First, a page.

Benoit Jacob is out to brainwash you. He's not just designing BMW’s new i sub-brand of hybrids and EVs—he’s trying to design the way you interact with your car.
The Frenchman sits on the edge of his seat.
Behind us, his latest design is minutes away from being unveiled to the world’s press under the bright lights of the Los Angeles Auto Show.
It’s impossible to tell if he’s just nervous or if he always talks this fast.
“There is a lot of territory which is not yet explored when it comes to car design, when it comes to character…. This is a very strong focus which I describe as ‘design beyond the shape,’” Jacob says, rapid-fire, in a thick French accent.
The BMW i3 concept car
What's the future?
Right away I’m thinking Jacob is a bit of a radical. And it’s rare, I think, to find radical people working in the strict orthodoxy of the automotive industry. Even among designers.
But Jacob has been charged with shaping the future of the automobile. BMW’s new i3 and i8 hybrids are apparently just the tip of the iceberg: advanced carbon-fibre construction, next-gen batteries and powertrains. The i3 Coupe concept shown in LA is the clearest indication yet of exactly how this practical city car will look once it goes on sale in 2013.
Following it will be the i8 supercar. We’re guessing Porsche 911 speed, but Prius-like fuel economy. It will be very impressive indeed if BMW—and Jacob—can make good on the initial promise of the concept.
The problem with hyrbids
Some say all hybrids and EVs on the market now are severely lacking in desirability, in emotional appeal. They’re ugly. The original Prius, for example, or the awkward Nissan Leaf.
Jacob, however, gives credit where it is due.
“I cannot really comment from a design standpoint on what Toyota did [with the Prius]. You have to start from somewhere. They were also the first to say, okay, something has to change. I think, you know, now the world is progressing. And the industry will come with more attractive proposals."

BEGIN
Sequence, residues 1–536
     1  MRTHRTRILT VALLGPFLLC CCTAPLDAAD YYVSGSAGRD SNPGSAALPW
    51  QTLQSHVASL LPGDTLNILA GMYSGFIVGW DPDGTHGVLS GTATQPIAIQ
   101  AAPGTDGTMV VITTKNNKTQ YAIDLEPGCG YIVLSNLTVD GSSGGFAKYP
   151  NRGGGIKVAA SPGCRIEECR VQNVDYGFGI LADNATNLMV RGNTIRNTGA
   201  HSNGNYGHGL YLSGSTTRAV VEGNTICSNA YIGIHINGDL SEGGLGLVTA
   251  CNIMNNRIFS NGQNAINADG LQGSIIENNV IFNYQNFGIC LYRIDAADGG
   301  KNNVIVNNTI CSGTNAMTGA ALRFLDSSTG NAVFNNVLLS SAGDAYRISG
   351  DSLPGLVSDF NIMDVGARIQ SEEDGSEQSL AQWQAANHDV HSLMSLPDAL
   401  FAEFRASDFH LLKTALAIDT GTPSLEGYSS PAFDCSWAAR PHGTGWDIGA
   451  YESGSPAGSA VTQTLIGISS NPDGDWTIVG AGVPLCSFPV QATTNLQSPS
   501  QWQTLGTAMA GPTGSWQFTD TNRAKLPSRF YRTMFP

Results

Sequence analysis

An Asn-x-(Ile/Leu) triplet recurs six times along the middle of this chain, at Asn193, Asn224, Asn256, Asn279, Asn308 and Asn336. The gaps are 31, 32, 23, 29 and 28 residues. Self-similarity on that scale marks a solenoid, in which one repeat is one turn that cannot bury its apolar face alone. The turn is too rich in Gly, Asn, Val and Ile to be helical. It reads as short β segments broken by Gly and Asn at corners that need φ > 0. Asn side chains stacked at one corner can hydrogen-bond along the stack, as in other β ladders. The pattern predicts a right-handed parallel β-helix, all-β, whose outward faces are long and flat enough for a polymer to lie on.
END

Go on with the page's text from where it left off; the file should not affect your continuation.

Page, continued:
He may be a radical, but he’s diplomatic about it.
Inside the i3, a revolutionary dashboard takes center stage
Has car design become boring?
“I am convinced that car design can progress.” A brave statement, considering it would be much easier to argue car design has become stagnant and unoriginal with every new design apparently converging on some main theme. He does admit though that, “Car design today is very ‘on the mantle.’ They are so macho or perfect that it is hard to make car design progress.”
But, fear not. As the great Sam Cooke once sang, a change is gonna come.
"Now technology is changing. If you have to integrate new materials, new drivetrains - this is a chance to also create a new story, a new aesthetic." Jacob says this all with a wonderful confidence, his quick tongue making everything sound matter-of-fact. I suppose you do need confidence though if you’re trying to predict what will be avant-garde in five years’ time.
And here he gets backs to the brainwashing, to manipulating behaviour through design.
“It’s not just about shapes, but also the use case scenarios and the behaviours that are at work when it comes to mobility. It’s a very abstract thing, but this is where I would like to push the brand and to really take car design to a different level than we know today… Addressing the behaviour of people the way an architect does, or the way a product designer does—to influence the way people behave or interact with the object."
A radical pragmatism
There is, however, one major problem with a utopian vision of future mobility. Personal cars are, at best, only a small part of the solution. Many automakers, like Mercedes-Benz and BMW, are starting their own car-sharing services but it goes beyond that too. Jacob isn’t just reacting to the market, but rather hoping to push the market in a good direction.
“What we have to design, it’s not only the car, but also the whole ecosystem around electric mobility. We’re not doing this alone. This is also done with people caring for the environment. Cities. Politics. I hope we bring with our car a very strong message that delivers also very strong commitment that says we are ready to move. We are bringing a very small contribution in the whole game, but we hope some other partners will help us draw the big picture when it comes to mobility.”
Car design needs more radicals.